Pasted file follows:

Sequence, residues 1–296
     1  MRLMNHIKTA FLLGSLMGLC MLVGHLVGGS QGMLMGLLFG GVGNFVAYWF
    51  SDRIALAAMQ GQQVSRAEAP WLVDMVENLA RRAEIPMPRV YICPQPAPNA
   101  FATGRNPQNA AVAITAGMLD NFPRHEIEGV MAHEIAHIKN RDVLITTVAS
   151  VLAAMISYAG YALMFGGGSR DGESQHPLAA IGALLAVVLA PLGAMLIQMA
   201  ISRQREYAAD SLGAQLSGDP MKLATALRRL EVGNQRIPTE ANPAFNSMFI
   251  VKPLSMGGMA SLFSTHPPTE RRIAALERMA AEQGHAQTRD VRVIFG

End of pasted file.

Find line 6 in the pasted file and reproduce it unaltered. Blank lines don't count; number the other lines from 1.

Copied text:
   201  ISRQREYAAD SLGAQLSGDP MKLATALRRL EVGNQRIPTE ANPAFNSMFI